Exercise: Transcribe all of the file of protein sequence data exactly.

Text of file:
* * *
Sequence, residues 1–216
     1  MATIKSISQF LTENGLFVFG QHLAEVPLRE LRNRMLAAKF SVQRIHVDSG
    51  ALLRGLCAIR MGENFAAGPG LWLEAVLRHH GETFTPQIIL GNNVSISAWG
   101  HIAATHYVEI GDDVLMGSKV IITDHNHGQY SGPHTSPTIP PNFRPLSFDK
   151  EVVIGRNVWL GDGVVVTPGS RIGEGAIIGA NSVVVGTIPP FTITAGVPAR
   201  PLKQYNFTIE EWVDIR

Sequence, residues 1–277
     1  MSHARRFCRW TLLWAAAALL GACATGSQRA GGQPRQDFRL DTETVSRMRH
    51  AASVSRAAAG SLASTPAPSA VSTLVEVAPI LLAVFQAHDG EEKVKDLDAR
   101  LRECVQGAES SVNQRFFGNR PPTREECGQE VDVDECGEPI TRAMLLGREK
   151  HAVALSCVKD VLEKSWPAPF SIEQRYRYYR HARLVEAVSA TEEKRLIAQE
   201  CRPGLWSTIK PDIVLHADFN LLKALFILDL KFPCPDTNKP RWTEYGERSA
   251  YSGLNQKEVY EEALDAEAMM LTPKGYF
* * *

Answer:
Sequence, residues 1–216
     1  MATIKSISQF LTENGLFVFG QHLAEVPLRE LRNRMLAAKF SVQRIHVDSG
    51  ALLRGLCAIR MGENFAAGPG LWLEAVLRHH GETFTPQIIL GNNVSISAWG
   101  HIAATHYVEI GDDVLMGSKV IITDHNHGQY SGPHTSPTIP PNFRPLSFDK
   151  EVVIGRNVWL GDGVVVTPGS RIGEGAIIGA NSVVVGTIPP FTITAGVPAR
   201  PLKQYNFTIE EWVDIR

Sequence, residues 1–277
     1  MSHARRFCRW TLLWAAAALL GACATGSQRA GGQPRQDFRL DTETVSRMRH
    51  AASVSRAAAG SLASTPAPSA VSTLVEVAPI LLAVFQAHDG EEKVKDLDAR
   101  LRECVQGAES SVNQRFFGNR PPTREECGQE VDVDECGEPI TRAMLLGREK
   151  HAVALSCVKD VLEKSWPAPF SIEQRYRYYR HARLVEAVSA TEEKRLIAQE
   201  CRPGLWSTIK PDIVLHADFN LLKALFILDL KFPCPDTNKP RWTEYGERSA
   251  YSGLNQKEVY EEALDAEAMM LTPKGYF